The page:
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At the Crossroads – Friendship Goals

This month in our teen column, Barâa Arar looks at the importance of friendship goals.

Who we surround ourselves with is undoubtedly important. We often adopt our friends’ beliefs, attitudes and mannerisms. As we grow up, we tend to spend increasingly more time with our friends, thus, it becomes crucial we surround ourselves with company who will encourage us to grow and ultimately, strengthen our faith. Personally, it took me many years, phases and places to find the women I have the pleasure to call my friends today. I find sometimes we get signs that our friends are truly the ones we should be around. For instance, recently, on a walk with one of my closest friends, she stopped to move aside branches obstructing our path. In this moment, with her small gesture, I knew that I am with a caring and genuine person.

 

 

I recall an instance of distress in which one of my friends cited a quote from the Qur’an to remind me to stay calm. This Qur’anic quote is derived from the account of an interaction the Prophet (SAW) and Abu Bakr (RA) had during their migration, or Hijrah, from Makkah to Madinah (known as Yathrib at the time). I think this story is a great example of true friendship.

 

 

The Prophet (SAW) and Abu Bakr (RA) left Makkah in the middle of the night, leaving Ali (RA) in the Prophet’s bed as a distraction to those in Makkah who wanted to stop the Prophet’s journey. Accompanied by Asma Bint Abu Bakr (RA) for the beginning of their trip, the group of three set off on an indirect route to Yathrib. They journeyed towards Mount Thawr. Upon arrival at the cave Thawr, Abu Bakr (RA), cleaned and cleared the area with a cloth to ensure the Prophet’s safety and well-being.

 

 

After the Prophet (SAW) fell asleep on Abu Bakr’s lap, Abu Bakr (RA) noticed a hole in the cave, which could cause a potential danger to the two of them. Consequently, he placed his toe over it. Thus, a poisonous creature bit him through the opening. Although he was in excruciating pain, he tried not to wake the Prophet (SAW) by expressing his pain too overtly. However, a bead of sweat rolled off his forehead and hit the Prophet (SAW), waking him up. The care to not wake the Prophet (SAW) is evidence of extreme compassion and care for another person on the part of Abu Bakr. As a matter of fact, we can draw many valuable lessons from the manner the two treated one another. First of all, the Prophet (SAW) embarked on a journey with his closest friends. He took a person known for his trustworthiness and honesty with him. This shows us the importance of friends in travel. Physical and emotional closeness is often increased through travel because we accompany each other through boredom and tiredness. Moreover, it shows the importance of friends in the journey of life. The ones we surround ourselves will help us stay positive, they will help us grow, and provide support when we need it most – similarly to the Abu Bakr’s continuous support for the Prophet (SAW).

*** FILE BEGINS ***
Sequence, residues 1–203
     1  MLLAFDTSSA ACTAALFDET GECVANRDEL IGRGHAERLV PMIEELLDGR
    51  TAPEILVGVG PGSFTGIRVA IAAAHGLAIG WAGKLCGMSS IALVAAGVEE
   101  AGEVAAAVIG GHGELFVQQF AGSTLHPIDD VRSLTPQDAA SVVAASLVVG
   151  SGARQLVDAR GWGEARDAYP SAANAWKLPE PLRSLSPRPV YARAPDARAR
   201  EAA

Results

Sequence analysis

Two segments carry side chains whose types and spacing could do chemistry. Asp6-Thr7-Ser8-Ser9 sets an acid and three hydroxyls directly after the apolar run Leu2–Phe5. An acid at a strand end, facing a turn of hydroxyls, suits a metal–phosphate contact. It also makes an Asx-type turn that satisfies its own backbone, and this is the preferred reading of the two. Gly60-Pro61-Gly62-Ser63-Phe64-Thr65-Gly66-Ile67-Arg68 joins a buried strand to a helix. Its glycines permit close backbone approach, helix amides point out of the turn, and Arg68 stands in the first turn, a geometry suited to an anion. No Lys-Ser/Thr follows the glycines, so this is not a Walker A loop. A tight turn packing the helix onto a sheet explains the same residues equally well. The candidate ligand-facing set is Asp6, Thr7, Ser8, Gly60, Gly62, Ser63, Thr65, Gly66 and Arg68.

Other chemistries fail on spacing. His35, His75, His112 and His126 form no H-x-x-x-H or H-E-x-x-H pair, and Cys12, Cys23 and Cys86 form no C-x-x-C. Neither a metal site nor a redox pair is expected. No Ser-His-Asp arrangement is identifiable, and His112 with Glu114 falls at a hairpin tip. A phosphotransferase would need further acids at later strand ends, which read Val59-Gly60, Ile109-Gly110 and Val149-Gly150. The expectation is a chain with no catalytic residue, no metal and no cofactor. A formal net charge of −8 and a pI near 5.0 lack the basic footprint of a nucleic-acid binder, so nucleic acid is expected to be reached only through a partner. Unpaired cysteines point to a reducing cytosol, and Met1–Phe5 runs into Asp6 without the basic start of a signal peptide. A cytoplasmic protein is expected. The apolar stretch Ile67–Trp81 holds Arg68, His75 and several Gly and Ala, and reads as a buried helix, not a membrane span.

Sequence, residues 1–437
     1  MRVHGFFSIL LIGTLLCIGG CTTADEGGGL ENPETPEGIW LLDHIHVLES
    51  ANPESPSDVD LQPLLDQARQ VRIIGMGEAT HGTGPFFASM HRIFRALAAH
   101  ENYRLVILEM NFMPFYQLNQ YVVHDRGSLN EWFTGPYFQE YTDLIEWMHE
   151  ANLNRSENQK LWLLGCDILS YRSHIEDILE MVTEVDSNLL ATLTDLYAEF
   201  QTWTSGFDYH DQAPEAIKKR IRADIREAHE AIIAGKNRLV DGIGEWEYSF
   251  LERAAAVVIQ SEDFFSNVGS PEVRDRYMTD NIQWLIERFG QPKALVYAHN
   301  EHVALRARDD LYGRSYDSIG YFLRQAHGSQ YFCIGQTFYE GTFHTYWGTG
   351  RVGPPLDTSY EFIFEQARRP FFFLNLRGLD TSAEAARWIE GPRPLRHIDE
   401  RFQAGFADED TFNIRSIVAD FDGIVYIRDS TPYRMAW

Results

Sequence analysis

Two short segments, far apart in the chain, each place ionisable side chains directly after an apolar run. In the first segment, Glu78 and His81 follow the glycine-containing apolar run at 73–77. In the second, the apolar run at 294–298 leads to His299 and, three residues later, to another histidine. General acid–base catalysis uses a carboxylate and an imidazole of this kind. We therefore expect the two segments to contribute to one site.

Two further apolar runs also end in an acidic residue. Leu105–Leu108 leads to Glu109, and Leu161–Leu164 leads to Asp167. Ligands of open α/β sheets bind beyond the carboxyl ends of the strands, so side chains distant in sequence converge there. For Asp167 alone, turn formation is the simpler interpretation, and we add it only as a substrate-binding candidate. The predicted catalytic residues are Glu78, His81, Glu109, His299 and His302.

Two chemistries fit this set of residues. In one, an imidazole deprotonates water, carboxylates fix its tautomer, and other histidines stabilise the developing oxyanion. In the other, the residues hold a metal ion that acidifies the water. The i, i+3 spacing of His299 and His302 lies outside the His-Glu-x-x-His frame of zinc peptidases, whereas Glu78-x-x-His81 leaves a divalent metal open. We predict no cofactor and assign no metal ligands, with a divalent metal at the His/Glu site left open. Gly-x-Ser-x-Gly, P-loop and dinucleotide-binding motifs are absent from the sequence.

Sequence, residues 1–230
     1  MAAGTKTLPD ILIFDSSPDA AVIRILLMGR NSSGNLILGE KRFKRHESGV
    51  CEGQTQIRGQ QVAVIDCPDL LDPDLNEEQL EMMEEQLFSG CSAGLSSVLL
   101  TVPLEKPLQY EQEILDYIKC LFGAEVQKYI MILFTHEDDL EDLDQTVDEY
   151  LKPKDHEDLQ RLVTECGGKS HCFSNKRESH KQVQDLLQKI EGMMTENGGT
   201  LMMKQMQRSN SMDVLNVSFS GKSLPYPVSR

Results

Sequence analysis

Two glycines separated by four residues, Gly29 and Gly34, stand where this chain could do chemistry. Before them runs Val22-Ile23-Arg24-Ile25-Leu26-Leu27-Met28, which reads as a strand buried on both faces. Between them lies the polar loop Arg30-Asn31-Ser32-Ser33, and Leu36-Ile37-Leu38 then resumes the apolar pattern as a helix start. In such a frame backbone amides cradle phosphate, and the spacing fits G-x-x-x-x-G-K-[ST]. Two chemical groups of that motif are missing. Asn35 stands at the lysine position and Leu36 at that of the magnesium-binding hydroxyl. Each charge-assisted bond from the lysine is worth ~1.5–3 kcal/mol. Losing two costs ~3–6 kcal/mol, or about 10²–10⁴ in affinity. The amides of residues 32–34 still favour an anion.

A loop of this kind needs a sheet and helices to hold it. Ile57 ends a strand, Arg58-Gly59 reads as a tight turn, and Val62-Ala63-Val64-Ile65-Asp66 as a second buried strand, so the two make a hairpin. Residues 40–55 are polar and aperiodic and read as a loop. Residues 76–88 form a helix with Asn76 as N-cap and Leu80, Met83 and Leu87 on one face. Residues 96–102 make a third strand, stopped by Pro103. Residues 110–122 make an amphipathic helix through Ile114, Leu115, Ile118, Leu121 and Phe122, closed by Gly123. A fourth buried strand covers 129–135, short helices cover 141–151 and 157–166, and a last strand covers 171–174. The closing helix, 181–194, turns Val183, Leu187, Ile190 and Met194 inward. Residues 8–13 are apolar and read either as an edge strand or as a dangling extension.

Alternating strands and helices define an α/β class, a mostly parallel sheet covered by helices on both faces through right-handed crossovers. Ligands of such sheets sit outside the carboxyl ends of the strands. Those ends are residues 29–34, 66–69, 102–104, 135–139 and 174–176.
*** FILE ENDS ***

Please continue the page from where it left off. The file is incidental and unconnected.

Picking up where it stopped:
As mentioned, we see Abu Bakr taking care of the Prophet (SAW) by making sure he was as comfortable as possible and as well as attempting to stop harm towards him. Afterwards, we see the Prophet (SAW) comforting Abu Bakr when he expresses his concern for being attacked by the Makkans. This shows the emotional honesty between friends. The Prophet tended to Abu Bakr’s fear by reminding him of Allah (SWT). He told him: “Do not fear, indeed, Allah is with us.” (At-Tawbah:40). Indeed, a good friend is one who reminds you of Allah (SWT), which is what my friend did when she quoted this verse.

 

 

Lastly, and most importantly, the majority of people in Makkah were against the Prophet (SAW). He did not have many on his side at the time. However, all of them worked together to keep him safe. It was the common belief in the truth which bred unity and compassion between them. For example, Asma (RA) brought the travellers food and water, while Amir bin Fuhariah, a shepherd, herded his sheep to cover the tracks of the Prophet (SAW) and Abu Bakr (RA).

 

 

I think the most notable characteristic in their friendship was their evident reciprocal compassion, which we can aspire to have with our dearest friends. Friends are people who inspire and protect us – they are those who provide companionship and support. And most importantly, the best friendships are those which allow us to be the most sincere form of ourselves, all while bringing us closer to Allah (SWT).

 

 

As a toddler, Barâa created and told stories to her parents and Barbie dolls. Since, she has become a spoken word artist and emcee, performing at local slams and fundraisers for charitable organisations. When Barâa isn’t writing or performing, she can typically be found wandering the coffee dens of her city or raiding the fridge.

 

 

 

READ MORE:

Dealing with non-Muslim Friends (and Enemies): What would Ayesha Dean do?